Performance of the low-resolution E3SMv1 and E3SMv2 preindustrial control simulations

    Figure 4. Performance of the low-resolution E3SMv1 and E3SMv2 preindustrial control simulations (Bradley, AGU 2021). (a) Throughput vs. number of nodes. Annotations of individual data points are SYPD values and PE layout. The PE layout is the configuration of the model on the nodes. PE layouts XS, S, M, L are provided as part of the models. Points annotated with “st” use a simple stacked layout in which each component runs serially with respect to the others, and all components share the same processors. (b) Throughput-resource-product plots. Each component has one rectangle. A rectangle is the area given by the product of throughput and number of nodes.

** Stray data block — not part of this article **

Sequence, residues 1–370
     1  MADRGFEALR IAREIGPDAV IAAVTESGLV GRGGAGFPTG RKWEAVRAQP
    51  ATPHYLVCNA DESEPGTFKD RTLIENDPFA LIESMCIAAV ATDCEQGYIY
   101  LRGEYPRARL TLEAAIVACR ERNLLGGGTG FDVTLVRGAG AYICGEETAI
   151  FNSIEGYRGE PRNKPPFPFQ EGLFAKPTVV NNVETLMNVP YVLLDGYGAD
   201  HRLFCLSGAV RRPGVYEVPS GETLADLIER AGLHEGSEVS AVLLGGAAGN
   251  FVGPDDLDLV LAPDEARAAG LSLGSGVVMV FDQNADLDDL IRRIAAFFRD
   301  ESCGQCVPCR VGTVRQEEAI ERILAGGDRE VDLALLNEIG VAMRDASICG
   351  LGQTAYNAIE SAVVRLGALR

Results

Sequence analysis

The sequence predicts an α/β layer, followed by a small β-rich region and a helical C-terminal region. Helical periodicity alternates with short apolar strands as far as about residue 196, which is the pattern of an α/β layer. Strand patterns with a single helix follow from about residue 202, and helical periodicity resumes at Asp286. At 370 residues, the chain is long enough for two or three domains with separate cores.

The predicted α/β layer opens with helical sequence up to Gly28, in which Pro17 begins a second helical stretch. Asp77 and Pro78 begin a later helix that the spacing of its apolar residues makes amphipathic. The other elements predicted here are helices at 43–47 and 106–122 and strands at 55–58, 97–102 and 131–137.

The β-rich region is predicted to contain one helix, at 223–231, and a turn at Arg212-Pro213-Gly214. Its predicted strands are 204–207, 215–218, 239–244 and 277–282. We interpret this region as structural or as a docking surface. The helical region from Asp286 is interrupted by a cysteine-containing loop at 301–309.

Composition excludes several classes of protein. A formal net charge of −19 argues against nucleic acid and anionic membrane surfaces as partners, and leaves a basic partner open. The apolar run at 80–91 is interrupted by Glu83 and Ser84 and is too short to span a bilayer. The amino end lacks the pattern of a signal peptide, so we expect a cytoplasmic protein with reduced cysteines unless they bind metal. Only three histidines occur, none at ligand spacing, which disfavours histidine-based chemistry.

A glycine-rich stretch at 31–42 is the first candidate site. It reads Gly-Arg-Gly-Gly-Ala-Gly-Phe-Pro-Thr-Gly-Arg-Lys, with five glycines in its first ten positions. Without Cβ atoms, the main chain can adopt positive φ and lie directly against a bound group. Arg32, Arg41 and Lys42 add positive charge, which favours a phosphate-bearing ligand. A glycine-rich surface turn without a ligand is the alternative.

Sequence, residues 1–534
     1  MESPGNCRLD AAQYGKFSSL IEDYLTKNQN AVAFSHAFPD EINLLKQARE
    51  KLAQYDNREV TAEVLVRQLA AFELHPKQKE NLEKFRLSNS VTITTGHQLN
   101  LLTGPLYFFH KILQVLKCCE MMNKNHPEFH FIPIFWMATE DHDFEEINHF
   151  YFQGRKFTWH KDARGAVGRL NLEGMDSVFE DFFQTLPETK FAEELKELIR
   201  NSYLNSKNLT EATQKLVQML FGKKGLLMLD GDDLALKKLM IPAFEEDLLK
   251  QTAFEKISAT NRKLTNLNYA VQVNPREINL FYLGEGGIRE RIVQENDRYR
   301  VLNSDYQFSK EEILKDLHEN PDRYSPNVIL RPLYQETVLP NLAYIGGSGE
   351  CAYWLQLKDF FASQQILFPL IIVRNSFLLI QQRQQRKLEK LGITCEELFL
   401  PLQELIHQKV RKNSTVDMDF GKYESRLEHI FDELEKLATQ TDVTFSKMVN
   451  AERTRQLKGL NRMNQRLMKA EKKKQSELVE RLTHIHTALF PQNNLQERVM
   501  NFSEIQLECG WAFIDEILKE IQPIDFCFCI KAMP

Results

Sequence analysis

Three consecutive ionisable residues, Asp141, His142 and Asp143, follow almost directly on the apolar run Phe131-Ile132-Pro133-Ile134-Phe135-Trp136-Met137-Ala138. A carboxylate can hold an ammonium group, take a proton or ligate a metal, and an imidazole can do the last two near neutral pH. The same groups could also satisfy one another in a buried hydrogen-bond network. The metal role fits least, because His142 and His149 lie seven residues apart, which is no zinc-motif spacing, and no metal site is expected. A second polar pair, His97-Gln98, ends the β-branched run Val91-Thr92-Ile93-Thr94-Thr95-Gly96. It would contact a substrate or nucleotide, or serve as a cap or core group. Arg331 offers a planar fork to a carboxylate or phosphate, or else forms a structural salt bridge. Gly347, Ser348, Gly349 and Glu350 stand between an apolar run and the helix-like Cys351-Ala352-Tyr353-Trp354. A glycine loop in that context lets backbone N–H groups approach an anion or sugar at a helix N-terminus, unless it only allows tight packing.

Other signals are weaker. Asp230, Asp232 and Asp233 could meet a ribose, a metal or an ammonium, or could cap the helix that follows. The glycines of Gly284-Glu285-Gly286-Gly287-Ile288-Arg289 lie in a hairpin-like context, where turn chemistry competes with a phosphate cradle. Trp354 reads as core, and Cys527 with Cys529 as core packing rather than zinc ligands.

The two new EAM methods work seamlessly both in the standard EAM configuration and in the Regionally Refined Mesh (RRM) configuration. The E3SMv2 low-resolution and RRM coupled configurations use these features. On E3SM’s ANL LCRC Chrysalis system, based on AMD Epyc 7532 processors, the low-resolution coupled model achieves over 41 simulated years per day (SYPD) on 105 nodes (Fig. 4), and the North America RRM coupled model achieves over 12 SYPD on 100 nodes. This improved computational performance enables researchers to run longer simulations to address scientific questions previously not feasible.